As a result of the bashing from Fernandes, Mavcom issued a statement that it will investigate his claims.
Later on, Mavcom said the agency did not issue such an order and that it will take Fernandes to task over the issue. Mavcom has lodged a police report against Fernandes over the matter.
The flights – free of charge – were to ferry Malaysian voters to Sabah and Sarawak to vote in the GE14.
Following this spat, it appears that low-cost airline boss, bashed by netizens for his perceived support for the fallen Barisan Nasional (BN) before the elections, is not giving up.
Right after Mavcom denied that it forced AirAsia to cancel flights to Borneo on the eve of the General Elections, Fernandes said the agency is irrelevant.
The transport ministry is more than capable of helping the local airline industry grow, without the need for Mavcom, said AirAsia Group chief executive officer.
Expressing his disappointment with the commission, Fernandes said Mavcom should remain independent and treat all industry players fairly.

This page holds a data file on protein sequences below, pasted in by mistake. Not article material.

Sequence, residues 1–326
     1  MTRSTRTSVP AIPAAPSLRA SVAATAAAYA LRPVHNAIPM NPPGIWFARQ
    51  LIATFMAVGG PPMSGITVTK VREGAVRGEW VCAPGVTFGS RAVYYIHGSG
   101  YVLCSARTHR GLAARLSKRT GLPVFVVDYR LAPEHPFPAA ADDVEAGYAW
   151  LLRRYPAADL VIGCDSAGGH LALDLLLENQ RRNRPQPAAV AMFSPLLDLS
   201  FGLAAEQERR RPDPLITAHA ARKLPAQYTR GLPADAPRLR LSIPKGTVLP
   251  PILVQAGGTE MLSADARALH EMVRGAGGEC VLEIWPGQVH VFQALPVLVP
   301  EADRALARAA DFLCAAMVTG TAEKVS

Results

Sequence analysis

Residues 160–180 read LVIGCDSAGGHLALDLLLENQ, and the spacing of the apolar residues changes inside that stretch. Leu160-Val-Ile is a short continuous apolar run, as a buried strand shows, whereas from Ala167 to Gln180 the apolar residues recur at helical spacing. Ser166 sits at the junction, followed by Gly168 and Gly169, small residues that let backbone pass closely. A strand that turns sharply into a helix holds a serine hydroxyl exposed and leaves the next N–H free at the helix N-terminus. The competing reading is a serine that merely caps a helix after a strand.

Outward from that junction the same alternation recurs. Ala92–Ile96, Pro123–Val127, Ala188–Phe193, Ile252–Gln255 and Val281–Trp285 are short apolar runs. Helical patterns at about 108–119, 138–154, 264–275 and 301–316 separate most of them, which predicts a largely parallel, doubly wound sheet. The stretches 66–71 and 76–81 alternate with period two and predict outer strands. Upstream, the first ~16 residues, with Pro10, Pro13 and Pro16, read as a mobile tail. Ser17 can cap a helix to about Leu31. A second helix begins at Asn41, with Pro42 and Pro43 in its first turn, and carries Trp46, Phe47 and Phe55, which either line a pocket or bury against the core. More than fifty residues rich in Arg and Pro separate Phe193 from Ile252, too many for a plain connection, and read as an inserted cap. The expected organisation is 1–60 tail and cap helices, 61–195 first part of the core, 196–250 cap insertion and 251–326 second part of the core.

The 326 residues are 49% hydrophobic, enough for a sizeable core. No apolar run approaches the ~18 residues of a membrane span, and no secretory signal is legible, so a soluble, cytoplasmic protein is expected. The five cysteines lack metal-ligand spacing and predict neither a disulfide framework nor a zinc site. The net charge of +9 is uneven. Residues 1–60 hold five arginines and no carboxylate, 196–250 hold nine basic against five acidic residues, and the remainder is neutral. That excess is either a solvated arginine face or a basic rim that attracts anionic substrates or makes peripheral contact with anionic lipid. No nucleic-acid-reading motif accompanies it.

“I’ve always wanted (for the industry) to be treated fairly. It’s not about (being) good to AirAsia and bad to Malaysia Airlines Bhd (MAB), or good to MAB and not to AirAsia. Do what is good for Malaysians.
“We (at AirAsia) wanted Mavcom because we thought it would be great for the industry, and for them to be independent and look at the industry fairly.
Mavcom on Tuesday (May 15) refuted claims made by AirAsia chief Tony Fernandes, who had said that the aviation regulator had told him to cancel all 120 additional flights to help voters return home for Malaysia’s recent election.
Follow us on Social Media
Send in your scoops to email@example.comNo tags for this post.